Host of CNN African Voices show, the Nigerian journalist Arit Okpo has shared the rules by which (small) businesses can structure, survive and scale in 2020.
Writing on Twitter with her handle @thearitokpo, she set out seven steps for creatives, freelancers and other self-employed to set goals for the new year.
1.Take down written notes with clients
Make sure all your communication with clients is written down. If you have a phone conversation, as soon as it ends, send an email along the lines of – as per our conversation. End it with something that indicates their response is needed before continuing.
“Looking forward to your OK on this so that we can proceed “. You avoid ‘he said/she said’ situations. You avoid situations where the client (says they) didn’t see your email and so can’t fulfill certain terms.
Also make sure you have discussed all your obligations before agreeing on fee. So if you’re a stylist, you know that the fee agreed on includes (for instance) – the outfit, shoes, accessories, drycleaning and delivery. This way you avoid I thy knew.
2. Calculate the unit value of the service you’re offering
I value my time by the hour – I have a base unit for 1 hour and scale accordingly. If you provide different services, it’s ok to have different rates per service. Just make sure it’s an accurate value of your time.
And it’s ok for this value to evolve, start from somewhere and correct as you go.
3. Create a description of your work that is an effective mission statement
“I am an event planner” is good but “I create intimate, spontaneous experiences that ensure a great time and lots of happy memories” is even better.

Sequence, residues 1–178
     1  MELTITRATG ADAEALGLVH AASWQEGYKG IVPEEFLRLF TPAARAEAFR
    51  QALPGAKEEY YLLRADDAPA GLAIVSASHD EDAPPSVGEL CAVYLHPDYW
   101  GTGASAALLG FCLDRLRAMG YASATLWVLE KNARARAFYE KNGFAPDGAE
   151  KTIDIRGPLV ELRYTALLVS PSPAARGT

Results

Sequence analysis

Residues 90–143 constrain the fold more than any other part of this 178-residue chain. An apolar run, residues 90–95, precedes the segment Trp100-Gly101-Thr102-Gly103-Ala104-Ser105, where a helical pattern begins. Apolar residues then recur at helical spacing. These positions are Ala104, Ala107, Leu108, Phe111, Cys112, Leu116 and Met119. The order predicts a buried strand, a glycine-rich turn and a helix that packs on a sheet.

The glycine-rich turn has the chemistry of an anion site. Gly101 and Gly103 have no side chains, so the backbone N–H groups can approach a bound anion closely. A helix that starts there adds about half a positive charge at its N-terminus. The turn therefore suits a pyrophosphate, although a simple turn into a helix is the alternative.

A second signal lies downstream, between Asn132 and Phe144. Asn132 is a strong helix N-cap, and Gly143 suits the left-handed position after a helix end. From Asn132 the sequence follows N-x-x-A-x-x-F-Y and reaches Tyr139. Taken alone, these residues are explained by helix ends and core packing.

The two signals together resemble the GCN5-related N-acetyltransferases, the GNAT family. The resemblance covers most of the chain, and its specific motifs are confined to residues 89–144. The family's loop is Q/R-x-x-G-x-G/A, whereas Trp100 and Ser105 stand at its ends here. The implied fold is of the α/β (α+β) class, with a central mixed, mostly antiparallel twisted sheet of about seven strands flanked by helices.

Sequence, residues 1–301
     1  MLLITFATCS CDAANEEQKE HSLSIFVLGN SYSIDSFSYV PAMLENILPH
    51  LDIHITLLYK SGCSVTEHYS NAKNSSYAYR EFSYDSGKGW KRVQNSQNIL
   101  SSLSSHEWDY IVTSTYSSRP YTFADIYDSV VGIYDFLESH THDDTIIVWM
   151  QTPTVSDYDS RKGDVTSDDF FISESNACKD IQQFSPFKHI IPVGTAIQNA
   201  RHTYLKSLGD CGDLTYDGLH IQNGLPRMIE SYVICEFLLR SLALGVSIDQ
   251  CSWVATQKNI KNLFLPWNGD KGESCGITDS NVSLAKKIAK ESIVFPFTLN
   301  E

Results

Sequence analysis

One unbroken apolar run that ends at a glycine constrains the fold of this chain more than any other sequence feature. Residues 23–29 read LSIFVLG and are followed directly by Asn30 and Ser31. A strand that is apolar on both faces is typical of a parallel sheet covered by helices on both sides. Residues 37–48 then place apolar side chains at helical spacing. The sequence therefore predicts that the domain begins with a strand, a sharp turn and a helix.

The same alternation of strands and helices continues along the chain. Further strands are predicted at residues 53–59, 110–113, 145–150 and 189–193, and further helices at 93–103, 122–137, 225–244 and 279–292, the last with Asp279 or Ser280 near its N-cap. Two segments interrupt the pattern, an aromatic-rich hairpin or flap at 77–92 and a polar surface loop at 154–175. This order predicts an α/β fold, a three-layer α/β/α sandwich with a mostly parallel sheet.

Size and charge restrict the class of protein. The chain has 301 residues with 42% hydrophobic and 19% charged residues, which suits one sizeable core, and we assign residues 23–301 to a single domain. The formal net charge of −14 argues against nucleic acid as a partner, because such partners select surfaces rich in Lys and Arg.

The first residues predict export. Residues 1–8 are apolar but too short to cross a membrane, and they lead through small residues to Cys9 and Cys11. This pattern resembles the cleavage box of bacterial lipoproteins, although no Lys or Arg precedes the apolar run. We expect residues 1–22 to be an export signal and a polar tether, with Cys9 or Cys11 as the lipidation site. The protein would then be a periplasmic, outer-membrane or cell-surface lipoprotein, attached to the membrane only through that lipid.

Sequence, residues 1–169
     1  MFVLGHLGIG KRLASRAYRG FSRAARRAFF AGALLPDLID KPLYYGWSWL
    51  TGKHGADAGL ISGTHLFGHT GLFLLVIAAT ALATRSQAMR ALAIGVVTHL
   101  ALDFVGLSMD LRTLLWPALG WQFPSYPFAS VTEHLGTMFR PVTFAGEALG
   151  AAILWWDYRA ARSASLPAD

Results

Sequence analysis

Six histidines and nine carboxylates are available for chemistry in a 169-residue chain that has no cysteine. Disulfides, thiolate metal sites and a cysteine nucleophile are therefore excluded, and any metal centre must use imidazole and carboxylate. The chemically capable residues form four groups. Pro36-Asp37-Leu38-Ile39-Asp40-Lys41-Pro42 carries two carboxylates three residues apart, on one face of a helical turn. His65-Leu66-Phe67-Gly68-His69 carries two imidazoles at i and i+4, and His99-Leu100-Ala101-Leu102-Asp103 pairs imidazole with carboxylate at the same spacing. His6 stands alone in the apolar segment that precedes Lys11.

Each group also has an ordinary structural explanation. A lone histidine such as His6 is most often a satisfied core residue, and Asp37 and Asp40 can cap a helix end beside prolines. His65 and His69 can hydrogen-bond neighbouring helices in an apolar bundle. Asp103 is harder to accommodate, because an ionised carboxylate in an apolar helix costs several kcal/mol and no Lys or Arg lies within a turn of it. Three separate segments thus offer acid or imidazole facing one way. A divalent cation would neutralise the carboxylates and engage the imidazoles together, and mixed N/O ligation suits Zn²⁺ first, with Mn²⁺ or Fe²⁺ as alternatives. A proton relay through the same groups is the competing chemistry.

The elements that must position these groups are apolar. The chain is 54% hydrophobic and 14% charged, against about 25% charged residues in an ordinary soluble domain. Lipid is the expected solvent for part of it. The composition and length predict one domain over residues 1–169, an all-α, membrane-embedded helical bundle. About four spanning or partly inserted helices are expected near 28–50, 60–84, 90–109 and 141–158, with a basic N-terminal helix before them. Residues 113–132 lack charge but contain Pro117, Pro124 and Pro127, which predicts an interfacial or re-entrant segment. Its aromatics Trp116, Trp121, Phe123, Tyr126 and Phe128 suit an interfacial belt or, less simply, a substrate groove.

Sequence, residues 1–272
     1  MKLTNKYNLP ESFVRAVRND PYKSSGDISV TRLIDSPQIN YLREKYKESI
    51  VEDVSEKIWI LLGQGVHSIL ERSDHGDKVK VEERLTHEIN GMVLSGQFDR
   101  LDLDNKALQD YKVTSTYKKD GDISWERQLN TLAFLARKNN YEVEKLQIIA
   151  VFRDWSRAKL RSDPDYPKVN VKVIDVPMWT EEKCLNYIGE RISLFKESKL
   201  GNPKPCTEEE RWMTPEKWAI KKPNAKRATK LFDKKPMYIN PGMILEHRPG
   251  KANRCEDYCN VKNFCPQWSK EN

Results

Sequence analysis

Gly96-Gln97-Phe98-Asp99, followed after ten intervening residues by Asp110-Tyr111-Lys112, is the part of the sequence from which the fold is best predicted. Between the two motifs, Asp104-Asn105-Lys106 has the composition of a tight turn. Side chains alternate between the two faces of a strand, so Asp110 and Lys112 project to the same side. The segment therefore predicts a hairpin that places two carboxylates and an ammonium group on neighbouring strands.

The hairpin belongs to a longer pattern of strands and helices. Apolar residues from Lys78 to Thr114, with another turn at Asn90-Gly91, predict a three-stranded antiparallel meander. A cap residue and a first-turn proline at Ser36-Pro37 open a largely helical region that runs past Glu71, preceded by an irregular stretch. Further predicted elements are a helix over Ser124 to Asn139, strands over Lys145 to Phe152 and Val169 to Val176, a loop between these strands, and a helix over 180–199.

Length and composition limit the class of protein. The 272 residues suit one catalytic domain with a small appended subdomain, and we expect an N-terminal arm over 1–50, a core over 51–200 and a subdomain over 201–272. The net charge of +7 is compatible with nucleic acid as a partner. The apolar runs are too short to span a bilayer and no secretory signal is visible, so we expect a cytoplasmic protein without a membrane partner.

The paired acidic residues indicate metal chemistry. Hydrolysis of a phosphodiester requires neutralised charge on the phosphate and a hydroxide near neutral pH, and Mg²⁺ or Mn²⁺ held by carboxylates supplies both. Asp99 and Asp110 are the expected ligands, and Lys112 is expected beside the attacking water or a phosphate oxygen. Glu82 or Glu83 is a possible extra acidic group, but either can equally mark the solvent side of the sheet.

Your description paints a picture of your services and also guides you so that you know what jobs are right for you. Again, it’s ok to start broad and evolve and refine as you identify where you are at your best.
4. Start creating a repository of your work
If you can’t afford a website, use Instagram, create a folder you can share, make a showreel. Devote a time (once a month?) to update and edit as needed.
5. Set the rules before you engage
Remember the HR handbooks you get in corporate settings? What is your code of conduct? What are the things you need/will not work with? It can be something as simple as – All jobs must be booked and paid for at least 48 hours on advance. Give yourself structure
Find out what you need to streamline your service and create a code that guides you across the board. After the PH incidents,someone I know who works in client’s homes started asking for picture ID to be sent before going to the client’s house.
6. Determine your own parameters for measuring success
Remember that you are the one wearing your shoes. Don’t use other people as a yardstick. Challenge yourself of course, but decide what looks like growth for YOU. If you’re starting out as an event host, is it progress if you do 1 event a month? Let that be your yardstick.
Don’t feel bad because the clients you’ve been hoping for called Ebuka instead of you. Create your own markers, so that you don’t get distracted chasing other people’s parameters.
7. Celebrate your wins
Freelance work is unpredictable enough and other dependent enough to give you HBP. Find a way to chronicle, celebrate and revel in your wins. There will be more than enough time to wonder why client B didn’t come back, celebrate client A first.
Follow these rules and 2020 will be good to you and your business. You’ll find fulfillment and happiness. May we excel in our work and expand our client list. May both our work and our cheques be premium. May there be growth.
Arit Okpo, who worked with Richard Quest on his visit to Nigeria for his CNN programme “Quest Business Traveller,” was a producer and presenter for EbonyLife TV and hosted the web talk show, Untold Facts.
She’s on Facebook, Twitter and can also be reached at www.menoword.wordpress.com. For more posts to help you on your entrepreneurial journey, click here.